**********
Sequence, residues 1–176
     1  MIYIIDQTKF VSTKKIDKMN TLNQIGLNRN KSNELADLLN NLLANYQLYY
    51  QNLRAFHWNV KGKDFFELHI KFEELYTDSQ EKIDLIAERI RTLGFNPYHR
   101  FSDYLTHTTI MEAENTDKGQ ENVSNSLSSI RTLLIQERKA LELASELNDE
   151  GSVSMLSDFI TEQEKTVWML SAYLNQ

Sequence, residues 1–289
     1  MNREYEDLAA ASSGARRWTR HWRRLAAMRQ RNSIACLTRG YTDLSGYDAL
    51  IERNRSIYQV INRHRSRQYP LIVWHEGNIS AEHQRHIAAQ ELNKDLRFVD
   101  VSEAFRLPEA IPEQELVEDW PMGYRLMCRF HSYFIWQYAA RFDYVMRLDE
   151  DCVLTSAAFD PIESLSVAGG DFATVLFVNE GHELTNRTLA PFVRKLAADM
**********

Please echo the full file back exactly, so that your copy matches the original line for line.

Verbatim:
Sequence, residues 1–176
     1  MIYIIDQTKF VSTKKIDKMN TLNQIGLNRN KSNELADLLN NLLANYQLYY
    51  QNLRAFHWNV KGKDFFELHI KFEELYTDSQ EKIDLIAERI RTLGFNPYHR
   101  FSDYLTHTTI MEAENTDKGQ ENVSNSLSSI RTLLIQERKA LELASELNDE
   151  GSVSMLSDFI TEQEKTVWML SAYLNQ

Sequence, residues 1–289
     1  MNREYEDLAA ASSGARRWTR HWRRLAAMRQ RNSIACLTRG YTDLSGYDAL
    51  IERNRSIYQV INRHRSRQYP LIVWHEGNIS AEHQRHIAAQ ELNKDLRFVD
   101  VSEAFRLPEA IPEQELVEDW PMGYRLMCRF HSYFIWQYAA RFDYVMRLDE
   151  DCVLTSAAFD PIESLSVAGG DFATVLFVNE GHELTNRTLA PFVRKLAADM